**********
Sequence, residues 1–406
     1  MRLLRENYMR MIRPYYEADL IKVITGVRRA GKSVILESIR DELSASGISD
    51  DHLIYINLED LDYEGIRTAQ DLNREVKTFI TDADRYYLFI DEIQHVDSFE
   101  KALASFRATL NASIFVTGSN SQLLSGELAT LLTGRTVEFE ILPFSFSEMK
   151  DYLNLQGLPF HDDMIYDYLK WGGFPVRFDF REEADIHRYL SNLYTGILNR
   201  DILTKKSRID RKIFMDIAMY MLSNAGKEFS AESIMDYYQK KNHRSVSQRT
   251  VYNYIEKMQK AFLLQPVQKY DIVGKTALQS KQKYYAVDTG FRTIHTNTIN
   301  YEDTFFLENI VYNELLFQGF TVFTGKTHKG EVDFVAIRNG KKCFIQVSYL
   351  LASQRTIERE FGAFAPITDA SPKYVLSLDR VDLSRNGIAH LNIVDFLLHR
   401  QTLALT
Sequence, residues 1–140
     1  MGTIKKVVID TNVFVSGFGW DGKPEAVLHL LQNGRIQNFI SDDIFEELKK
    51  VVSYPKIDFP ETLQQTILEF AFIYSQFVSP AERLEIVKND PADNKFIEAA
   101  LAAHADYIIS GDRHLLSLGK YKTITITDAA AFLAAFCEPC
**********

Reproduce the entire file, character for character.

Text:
Sequence, residues 1–406
     1  MRLLRENYMR MIRPYYEADL IKVITGVRRA GKSVILESIR DELSASGISD
    51  DHLIYINLED LDYEGIRTAQ DLNREVKTFI TDADRYYLFI DEIQHVDSFE
   101  KALASFRATL NASIFVTGSN SQLLSGELAT LLTGRTVEFE ILPFSFSEMK
   151  DYLNLQGLPF HDDMIYDYLK WGGFPVRFDF REEADIHRYL SNLYTGILNR
   201  DILTKKSRID RKIFMDIAMY MLSNAGKEFS AESIMDYYQK KNHRSVSQRT
   251  VYNYIEKMQK AFLLQPVQKY DIVGKTALQS KQKYYAVDTG FRTIHTNTIN
   301  YEDTFFLENI VYNELLFQGF TVFTGKTHKG EVDFVAIRNG KKCFIQVSYL
   351  LASQRTIERE FGAFAPITDA SPKYVLSLDR VDLSRNGIAH LNIVDFLLHR
   401  QTLALT
Sequence, residues 1–140
     1  MGTIKKVVID TNVFVSGFGW DGKPEAVLHL LQNGRIQNFI SDDIFEELKK
    51  VVSYPKIDFP ETLQQTILEF AFIYSQFVSP AERLEIVKND PADNKFIEAA
   101  LAAHADYIIS GDRHLLSLGK YKTITITDAA AFLAAFCEPC